Nature Notes

Earth and Sett

The vixen has moved her cubs, spreading them out into separate holes and chambers. They are growing up. She returns each night with food, calling from 100yds away along the down, tempting them out, building their confidence and independence.

Around the earth, the foliage is crushed, flattened or worn away with their games. Feathers, sheared-off and gummed with saliva, are everywhere; a pair of disembodied wings are jammed down one hole.

The earth is in the midst of a well-established badger sett. Foxes must make difficult neighbours for fastidious badgers, who eat their meals out and air their bedding. Foxes bring dinner home (particularly when there are cubs) and the earth is strewn with the Saturday-night take-away detritus of gnawed bones and pheasant carcasses. Astonishingly, there are also the remains of a muntjac, its head (minus ears, eyes and antlers, which have been chewed off) still attached to the snaking vertebrae of neck, spine and sprung ribcage. The vixen must have found it dead, trapped, or injured and severely weakened, but it must have been a real prize: one worth the considerable effort needed to drag it here.

The smell of fox and the distinct sound of blowflies echoing up from the holes, are sure signs the foxes are ‘in’ – but if I were in any doubt, an impertinent cub has placed an upright poo on the badgers’ spoil-heap doorstep; it points skywards like a rude gesture.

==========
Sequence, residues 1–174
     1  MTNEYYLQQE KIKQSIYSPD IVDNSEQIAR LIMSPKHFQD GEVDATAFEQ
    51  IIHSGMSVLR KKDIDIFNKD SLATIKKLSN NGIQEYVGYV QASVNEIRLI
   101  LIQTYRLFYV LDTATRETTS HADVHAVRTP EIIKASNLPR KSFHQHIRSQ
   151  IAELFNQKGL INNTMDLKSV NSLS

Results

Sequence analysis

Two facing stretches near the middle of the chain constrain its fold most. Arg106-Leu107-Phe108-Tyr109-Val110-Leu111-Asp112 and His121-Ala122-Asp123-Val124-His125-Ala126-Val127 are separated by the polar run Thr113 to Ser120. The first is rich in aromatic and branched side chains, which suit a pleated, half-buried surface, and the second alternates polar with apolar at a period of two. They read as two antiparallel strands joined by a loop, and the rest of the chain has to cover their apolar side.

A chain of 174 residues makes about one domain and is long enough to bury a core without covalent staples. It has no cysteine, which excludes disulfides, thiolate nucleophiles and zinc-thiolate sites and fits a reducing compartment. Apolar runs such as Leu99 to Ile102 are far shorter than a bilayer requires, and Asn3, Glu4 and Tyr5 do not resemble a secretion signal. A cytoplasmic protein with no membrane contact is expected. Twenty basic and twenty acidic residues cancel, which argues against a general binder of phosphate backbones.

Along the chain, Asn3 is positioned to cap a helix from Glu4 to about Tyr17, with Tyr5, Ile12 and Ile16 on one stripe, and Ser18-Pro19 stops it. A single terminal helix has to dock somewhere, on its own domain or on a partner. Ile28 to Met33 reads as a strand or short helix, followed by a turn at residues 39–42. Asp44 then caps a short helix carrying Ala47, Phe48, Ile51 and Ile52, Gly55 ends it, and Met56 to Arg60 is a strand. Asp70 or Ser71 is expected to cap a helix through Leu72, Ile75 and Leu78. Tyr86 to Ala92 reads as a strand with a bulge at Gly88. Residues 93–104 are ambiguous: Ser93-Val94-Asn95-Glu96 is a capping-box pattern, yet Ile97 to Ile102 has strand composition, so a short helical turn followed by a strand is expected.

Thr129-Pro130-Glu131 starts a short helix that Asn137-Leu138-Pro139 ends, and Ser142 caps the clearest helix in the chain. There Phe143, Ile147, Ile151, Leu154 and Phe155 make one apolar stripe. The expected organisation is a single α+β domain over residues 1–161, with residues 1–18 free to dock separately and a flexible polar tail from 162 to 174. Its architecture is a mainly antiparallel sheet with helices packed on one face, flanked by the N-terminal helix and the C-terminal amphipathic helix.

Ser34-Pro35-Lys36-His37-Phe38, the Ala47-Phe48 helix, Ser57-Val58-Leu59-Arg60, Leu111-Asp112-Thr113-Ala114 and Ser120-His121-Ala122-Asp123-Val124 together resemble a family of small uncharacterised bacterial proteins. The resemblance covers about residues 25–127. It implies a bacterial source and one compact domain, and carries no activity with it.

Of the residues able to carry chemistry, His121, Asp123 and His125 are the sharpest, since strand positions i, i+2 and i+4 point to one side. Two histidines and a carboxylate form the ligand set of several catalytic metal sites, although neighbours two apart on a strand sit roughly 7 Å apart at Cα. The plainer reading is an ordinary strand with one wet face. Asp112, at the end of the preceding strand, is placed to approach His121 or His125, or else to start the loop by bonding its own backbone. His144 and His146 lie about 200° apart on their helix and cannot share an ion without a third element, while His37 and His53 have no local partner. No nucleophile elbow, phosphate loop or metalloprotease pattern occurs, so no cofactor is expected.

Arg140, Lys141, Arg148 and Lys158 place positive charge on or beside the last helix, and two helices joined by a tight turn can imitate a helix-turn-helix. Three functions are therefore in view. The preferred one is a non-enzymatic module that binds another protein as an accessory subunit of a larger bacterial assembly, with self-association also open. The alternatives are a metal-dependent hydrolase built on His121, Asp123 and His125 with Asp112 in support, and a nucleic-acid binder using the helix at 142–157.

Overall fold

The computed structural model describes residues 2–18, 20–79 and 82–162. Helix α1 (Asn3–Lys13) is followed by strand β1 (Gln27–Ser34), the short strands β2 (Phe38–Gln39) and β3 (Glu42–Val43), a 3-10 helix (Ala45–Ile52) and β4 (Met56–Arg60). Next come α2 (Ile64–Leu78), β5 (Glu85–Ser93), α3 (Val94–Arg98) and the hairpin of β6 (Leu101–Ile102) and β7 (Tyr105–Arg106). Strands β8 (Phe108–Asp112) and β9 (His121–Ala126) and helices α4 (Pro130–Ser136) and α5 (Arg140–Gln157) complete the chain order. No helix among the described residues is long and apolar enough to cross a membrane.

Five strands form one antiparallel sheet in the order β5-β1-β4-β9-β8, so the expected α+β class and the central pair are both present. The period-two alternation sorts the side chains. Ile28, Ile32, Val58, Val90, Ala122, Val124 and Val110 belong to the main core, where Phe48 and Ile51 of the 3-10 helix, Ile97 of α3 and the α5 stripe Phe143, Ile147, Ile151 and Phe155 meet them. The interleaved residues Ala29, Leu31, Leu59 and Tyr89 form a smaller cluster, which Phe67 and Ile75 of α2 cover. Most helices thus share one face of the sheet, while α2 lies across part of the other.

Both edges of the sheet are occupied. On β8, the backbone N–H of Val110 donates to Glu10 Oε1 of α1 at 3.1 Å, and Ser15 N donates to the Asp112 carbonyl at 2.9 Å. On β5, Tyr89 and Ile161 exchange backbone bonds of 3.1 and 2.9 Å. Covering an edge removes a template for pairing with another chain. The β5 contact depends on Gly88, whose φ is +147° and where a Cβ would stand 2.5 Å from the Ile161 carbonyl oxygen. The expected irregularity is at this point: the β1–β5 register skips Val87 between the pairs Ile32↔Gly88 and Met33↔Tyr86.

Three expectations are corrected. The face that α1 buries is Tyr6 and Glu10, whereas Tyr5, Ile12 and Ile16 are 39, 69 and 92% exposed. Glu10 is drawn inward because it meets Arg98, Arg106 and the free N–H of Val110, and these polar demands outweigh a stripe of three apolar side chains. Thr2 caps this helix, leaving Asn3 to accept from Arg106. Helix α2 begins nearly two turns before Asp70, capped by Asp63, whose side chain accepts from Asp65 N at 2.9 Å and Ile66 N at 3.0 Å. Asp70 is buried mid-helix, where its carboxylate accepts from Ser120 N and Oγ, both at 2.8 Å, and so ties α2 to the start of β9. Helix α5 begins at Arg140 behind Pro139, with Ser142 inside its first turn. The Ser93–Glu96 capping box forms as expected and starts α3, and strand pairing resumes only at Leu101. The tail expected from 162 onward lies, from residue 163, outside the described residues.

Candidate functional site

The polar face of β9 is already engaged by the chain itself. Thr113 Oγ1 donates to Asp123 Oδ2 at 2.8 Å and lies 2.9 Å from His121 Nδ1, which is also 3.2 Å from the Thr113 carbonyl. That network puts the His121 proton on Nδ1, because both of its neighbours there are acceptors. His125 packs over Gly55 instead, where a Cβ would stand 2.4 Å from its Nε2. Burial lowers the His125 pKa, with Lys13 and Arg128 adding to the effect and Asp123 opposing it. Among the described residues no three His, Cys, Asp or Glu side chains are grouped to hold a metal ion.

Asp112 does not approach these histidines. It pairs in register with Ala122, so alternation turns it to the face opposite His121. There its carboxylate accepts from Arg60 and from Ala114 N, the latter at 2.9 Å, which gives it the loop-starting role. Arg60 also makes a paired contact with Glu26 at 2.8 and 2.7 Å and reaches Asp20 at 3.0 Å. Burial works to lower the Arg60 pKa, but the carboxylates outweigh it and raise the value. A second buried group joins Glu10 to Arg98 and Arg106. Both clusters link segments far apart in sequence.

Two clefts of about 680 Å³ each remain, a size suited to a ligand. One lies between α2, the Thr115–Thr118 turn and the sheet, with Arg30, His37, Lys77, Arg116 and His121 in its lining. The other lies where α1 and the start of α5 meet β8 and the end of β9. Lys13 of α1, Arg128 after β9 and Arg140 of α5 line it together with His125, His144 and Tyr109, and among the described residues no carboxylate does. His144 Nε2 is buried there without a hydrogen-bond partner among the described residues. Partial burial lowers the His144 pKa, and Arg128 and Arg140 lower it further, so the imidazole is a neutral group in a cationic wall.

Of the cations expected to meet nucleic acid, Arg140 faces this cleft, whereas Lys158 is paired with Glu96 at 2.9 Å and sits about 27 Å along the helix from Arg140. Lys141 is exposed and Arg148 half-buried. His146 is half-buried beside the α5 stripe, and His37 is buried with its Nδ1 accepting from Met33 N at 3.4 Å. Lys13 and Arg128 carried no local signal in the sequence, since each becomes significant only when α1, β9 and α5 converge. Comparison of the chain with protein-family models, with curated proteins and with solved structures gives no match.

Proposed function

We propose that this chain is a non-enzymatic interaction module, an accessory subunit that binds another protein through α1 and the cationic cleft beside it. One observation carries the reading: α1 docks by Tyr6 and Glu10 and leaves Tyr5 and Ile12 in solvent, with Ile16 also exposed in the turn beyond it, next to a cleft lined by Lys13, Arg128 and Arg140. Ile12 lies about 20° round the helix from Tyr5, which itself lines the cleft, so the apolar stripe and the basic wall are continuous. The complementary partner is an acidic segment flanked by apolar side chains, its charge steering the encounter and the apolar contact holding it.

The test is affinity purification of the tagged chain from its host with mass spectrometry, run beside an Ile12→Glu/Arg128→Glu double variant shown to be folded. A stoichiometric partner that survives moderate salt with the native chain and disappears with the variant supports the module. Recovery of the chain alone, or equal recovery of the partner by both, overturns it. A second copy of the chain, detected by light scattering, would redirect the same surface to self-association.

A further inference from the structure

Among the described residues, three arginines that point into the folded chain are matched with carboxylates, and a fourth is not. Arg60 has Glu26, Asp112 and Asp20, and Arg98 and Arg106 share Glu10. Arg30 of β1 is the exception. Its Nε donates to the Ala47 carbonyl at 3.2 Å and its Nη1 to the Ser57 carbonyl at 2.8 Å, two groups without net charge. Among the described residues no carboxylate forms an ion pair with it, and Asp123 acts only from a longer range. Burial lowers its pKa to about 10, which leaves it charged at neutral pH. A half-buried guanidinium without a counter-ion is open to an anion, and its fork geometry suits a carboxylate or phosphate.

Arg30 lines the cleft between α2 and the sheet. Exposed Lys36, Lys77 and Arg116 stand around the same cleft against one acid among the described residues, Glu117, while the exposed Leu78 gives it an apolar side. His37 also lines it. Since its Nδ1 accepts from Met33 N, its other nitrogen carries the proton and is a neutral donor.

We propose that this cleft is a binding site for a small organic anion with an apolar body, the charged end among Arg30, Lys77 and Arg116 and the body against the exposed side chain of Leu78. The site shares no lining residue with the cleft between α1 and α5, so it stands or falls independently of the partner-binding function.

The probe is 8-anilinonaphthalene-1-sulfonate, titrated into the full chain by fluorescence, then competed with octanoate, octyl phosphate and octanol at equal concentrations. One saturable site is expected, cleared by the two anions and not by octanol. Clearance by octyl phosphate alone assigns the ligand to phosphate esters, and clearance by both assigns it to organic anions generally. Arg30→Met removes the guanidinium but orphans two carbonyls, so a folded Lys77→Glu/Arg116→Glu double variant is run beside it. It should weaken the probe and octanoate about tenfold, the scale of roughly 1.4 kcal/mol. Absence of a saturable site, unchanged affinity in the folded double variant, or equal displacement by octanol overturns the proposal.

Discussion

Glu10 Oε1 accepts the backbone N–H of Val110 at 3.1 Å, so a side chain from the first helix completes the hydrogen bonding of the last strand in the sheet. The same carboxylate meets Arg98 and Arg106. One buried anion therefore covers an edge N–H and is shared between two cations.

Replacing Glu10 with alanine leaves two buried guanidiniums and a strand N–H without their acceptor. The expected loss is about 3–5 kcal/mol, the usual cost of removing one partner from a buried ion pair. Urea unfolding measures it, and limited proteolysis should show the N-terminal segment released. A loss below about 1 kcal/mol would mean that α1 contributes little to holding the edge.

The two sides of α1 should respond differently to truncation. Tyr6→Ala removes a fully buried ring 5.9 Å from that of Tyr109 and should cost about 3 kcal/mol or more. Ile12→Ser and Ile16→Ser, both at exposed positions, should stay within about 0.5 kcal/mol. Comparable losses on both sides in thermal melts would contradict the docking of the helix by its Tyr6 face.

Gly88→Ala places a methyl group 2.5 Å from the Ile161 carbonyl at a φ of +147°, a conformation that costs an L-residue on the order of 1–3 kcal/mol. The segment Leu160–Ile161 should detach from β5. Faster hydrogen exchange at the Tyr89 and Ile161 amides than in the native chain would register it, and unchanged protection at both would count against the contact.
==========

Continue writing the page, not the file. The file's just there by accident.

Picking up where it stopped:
I return later with my daughter.  It is a difficult earth to watch, built like a castle keep, but we creep up through the valley, quietly skirt the wood and sit to wait.

My daughter spots them first, away from the earth-sett we’re watching. Under the hill is a long ridge of hawthorn, flint-seam, root and – now we see – doors into the down itself. Badgers. A broad, humbug-striped head puzzles our outlines, uselessly scenting the wind blowing towards us. Unhurriedly, she trots her long, low body along the down. Her body seems to go on and on – and she is towing a cub! Clamped firmly to her tail, in turn, it tows its sibling, whose muzzle rests on its rump. They form a rippling, linear flow of silvery badger; a narrow, luxurious rug being pulled along by a thread. The sow stops to quiz us again and the cubs take the chance to suckle briefly. It may be one of the last times: they are around 12-weeks-old and will soon be weaned. Quickly out of patience, she shakes them off and the cubs follow her down a hidden entrance, pouring like molten lead, into the hill itself.  

The foxes never do come out.


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